This course provides students with an opportunity to learn theoretical frameworks and techniques for assisting individuals with addiction issues. Students will gain an awareness of societal, social and intercultural contexts of the historical approaches to addiction counseling. Students will develop knowledge of the range and nature of treatment modalities currently used in substance abuse counseling. Through the use of role-play, case studies and videos, students will develop a personal style of interaction to support individuals with addiction issues. Prerequisites: HSV 120 and HSV 124
This course is an introduction to the variety of cultural, ethnic and racial groups, with the goal of examining stereotypes and developing an appreciation of cultural diversity. Each time the course is offered, the heritage and culture of several distinct groups will be studied in detail, with special emphasis on the groups most common to the Connecticut River Valley. Students will be encouraged to investigate their own cultural heritage, as well as that of other groups.
An examination of domestic violence from human services, historical, psychological, cross-cultural, legal, and sociological perspectives. The extent, types, and causes of domestic violence will be analyzed. Prevention and intervention strategies necessary to those working with women, men, and children who have been affected by domestic violence will also be covered. Prerequisite: Eligibility for ENG 101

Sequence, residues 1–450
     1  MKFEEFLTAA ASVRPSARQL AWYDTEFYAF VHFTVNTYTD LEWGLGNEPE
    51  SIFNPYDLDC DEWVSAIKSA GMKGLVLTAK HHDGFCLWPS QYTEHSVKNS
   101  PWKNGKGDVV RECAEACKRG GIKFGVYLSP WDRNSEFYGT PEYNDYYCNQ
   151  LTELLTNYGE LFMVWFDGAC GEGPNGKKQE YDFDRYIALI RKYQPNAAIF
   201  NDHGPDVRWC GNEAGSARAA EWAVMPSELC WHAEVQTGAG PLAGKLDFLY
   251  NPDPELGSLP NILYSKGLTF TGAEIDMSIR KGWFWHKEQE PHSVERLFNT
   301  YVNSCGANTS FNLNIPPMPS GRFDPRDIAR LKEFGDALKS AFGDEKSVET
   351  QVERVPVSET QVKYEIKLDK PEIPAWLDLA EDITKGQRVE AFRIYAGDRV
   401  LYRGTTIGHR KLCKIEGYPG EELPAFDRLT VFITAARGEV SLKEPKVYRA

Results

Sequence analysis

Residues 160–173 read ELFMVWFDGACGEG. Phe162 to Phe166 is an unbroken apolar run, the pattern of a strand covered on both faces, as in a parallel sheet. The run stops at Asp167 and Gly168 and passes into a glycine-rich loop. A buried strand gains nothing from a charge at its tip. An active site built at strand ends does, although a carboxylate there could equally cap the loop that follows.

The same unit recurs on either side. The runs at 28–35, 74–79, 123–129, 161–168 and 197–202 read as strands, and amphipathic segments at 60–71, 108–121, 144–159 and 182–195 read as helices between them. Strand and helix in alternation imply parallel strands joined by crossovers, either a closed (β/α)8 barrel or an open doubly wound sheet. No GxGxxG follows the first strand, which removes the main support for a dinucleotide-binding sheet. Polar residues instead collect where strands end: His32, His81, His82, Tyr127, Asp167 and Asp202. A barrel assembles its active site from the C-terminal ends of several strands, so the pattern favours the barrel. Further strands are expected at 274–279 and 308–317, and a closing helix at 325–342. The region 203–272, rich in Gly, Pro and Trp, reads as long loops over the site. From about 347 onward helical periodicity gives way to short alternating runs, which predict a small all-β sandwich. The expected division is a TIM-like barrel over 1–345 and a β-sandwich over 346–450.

Emphasizes development of group membership skills necessary for professional practice. Through group exercises students experience concepts being studied and are given the opportunity to develop basic skills in observing and understanding human behavior, including their own, in a group context. Basic concepts in group dynamics such as cohesion, interactional patterns, roles and responsibilities within a group, norms, status, group culture, and content vs. process will be discussed. In addition, the various stages of group development and the tasks involved in each will be introduced. An understanding of the leader's role in creating a facilitating environment during the different stages of group development will also be discussed. Prerequisite: PSY 110
A study of human development with emphasis on the broad physical, maturational, and behavioral changes occurring throughout the life span and the factors and conditions that influence these changes. Prerequisite: PSY 110
CORI (Criminal Offender Record Information) and SORI (Sexual Offender Registry Information) background checks may be required prior to filed work and practicum placement and will be conducted by specific agencies in accordance with state regulations. CORI and SORI results are confidential.
Depending on the course selection, 50% of this program can be completed online.